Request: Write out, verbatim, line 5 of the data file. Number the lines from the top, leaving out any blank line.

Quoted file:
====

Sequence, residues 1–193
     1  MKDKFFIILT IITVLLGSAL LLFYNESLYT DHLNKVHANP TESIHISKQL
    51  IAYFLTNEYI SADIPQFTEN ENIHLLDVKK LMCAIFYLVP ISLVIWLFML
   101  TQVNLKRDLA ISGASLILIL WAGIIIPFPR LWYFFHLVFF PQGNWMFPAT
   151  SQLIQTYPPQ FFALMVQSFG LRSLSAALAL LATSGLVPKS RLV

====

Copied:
   151  SQLIQTYPPQ FFALMVQSFG LRSLSAALAL LATSGLVPKS RLV